Skidmore points out the inherently unequal methods of inheritance when he says “if two shepherds immediately adjacent to each other, should die, at the same time, one having, it may be, five children, and the other only one; would inquiry arise why the one child should have the flocks of the one father, and the five children have only the flocks of the other father?” He calls forth an important point that he ignores: perhaps the best way to have prosperous children is to have few of them.

He actually tends to think inheritance as a whole is foolish. “May not the being, it is asked, who has once owned property, and is now deceased, have his wishes gratified, by having such disposition made of that which was once his, as he may have desired in his life-time? I answer, no; unless he created it; unless, indeed, he brought it into existence with his own hands.” But this raises an objection: a living man may dispose of property as he wishes, but not a dead man. Should a man know his death was soon, he could begin the process of passing on his possessions. But what if death is premature or sudden? Wills and inheritance may not be perfect, but gambling on the time of death leaves even more to chance.

But he does raise a valid point as to how such possession may come about unequally. “Thus, in the first settlement of this State (New York), one man, of the name of Van Renssellaer, received an enormous grant of more than three hundred thousand acres of land, having a location second to none, except to this city and its vicinity, in advantages of every kind; and yet any contract entered into, between this large possessor, and the thousands and tens of thousands who were denied their equal rights With him, is to be considered as moral and good!” Regardless of the vast swaths of land available in America (ignoring the natives), is it fair or in the best interest of the people to grant one man more acres than he could ever hope to use? Surely not.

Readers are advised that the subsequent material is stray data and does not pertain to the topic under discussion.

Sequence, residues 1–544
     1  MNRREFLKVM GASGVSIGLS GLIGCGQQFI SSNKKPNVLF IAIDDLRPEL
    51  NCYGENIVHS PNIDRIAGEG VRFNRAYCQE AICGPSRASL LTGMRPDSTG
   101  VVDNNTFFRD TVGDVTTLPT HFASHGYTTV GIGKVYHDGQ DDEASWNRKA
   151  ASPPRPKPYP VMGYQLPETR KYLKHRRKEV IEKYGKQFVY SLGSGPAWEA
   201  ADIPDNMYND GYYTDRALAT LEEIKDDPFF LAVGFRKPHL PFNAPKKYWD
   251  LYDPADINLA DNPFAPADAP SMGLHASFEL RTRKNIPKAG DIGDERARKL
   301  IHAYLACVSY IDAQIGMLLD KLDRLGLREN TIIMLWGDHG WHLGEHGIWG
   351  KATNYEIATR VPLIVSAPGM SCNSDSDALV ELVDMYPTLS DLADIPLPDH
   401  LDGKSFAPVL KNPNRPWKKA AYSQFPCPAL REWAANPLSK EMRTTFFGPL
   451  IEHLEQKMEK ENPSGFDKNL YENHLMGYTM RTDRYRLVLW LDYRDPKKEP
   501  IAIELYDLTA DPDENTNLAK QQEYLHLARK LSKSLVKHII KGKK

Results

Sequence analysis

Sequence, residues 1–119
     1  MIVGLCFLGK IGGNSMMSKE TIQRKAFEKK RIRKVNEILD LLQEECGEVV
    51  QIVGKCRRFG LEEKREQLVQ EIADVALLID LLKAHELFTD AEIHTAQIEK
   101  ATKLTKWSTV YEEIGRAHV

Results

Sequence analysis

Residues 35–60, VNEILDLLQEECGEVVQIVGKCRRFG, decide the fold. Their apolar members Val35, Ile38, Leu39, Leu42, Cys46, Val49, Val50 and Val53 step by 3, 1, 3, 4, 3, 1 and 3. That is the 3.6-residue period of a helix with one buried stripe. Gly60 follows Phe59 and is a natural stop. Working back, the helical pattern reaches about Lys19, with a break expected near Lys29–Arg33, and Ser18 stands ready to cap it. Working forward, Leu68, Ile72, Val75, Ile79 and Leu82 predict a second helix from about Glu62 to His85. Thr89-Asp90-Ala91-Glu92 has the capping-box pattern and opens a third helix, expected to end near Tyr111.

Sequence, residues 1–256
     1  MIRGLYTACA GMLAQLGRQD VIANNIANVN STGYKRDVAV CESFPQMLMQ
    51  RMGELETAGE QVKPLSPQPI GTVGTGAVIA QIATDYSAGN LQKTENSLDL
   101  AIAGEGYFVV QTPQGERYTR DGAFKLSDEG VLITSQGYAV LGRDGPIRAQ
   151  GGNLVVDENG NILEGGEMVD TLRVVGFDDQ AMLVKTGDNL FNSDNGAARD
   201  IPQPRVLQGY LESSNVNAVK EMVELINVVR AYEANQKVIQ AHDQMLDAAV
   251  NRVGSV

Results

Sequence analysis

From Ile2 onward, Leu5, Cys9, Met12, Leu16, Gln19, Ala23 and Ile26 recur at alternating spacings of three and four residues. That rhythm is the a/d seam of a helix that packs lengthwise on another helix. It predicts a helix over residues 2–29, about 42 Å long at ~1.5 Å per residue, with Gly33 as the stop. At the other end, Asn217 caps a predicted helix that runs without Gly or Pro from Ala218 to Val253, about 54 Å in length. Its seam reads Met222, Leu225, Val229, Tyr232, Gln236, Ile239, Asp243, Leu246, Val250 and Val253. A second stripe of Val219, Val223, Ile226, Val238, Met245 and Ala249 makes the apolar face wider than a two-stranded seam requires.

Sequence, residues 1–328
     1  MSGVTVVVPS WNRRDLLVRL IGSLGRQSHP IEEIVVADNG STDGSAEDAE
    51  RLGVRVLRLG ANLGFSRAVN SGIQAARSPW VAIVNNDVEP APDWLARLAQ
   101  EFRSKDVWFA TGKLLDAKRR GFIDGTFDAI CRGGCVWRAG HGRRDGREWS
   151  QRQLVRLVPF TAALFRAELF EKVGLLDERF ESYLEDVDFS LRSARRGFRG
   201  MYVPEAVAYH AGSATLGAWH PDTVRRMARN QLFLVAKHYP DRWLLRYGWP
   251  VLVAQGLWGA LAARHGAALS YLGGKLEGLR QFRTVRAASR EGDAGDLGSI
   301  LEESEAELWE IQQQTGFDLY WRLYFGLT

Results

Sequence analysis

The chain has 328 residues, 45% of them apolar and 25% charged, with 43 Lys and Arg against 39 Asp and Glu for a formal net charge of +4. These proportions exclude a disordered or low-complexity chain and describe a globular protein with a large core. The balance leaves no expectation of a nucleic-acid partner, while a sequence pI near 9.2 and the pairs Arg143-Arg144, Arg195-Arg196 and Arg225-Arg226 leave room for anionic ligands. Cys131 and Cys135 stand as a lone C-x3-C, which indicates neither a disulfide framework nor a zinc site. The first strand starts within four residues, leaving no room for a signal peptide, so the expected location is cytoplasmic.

An interesting philosophical point is raised when Skidmore suggests, “One tree cannot own or have property in another. When mind is absent, there is no proprietor. When matter is absent, there is no property. Matter cannot own matter. It is perverting every thing to suppose such an absurdity.” Under Cartesian dualism, such a system works fine. But what if the materialists are right, and people are merely matter? Can matter own matter? This also calls forth the ideas of Hegel, who felt that to own something we must project something of our personalities into it. If such personalities are not real, Hegel is wrong.

Sources

Skidmore, Thomas. Rights of Man to Property Burt Franklin, 1966.

Also try another article under Philosophical
or another one of the writings of Gavin.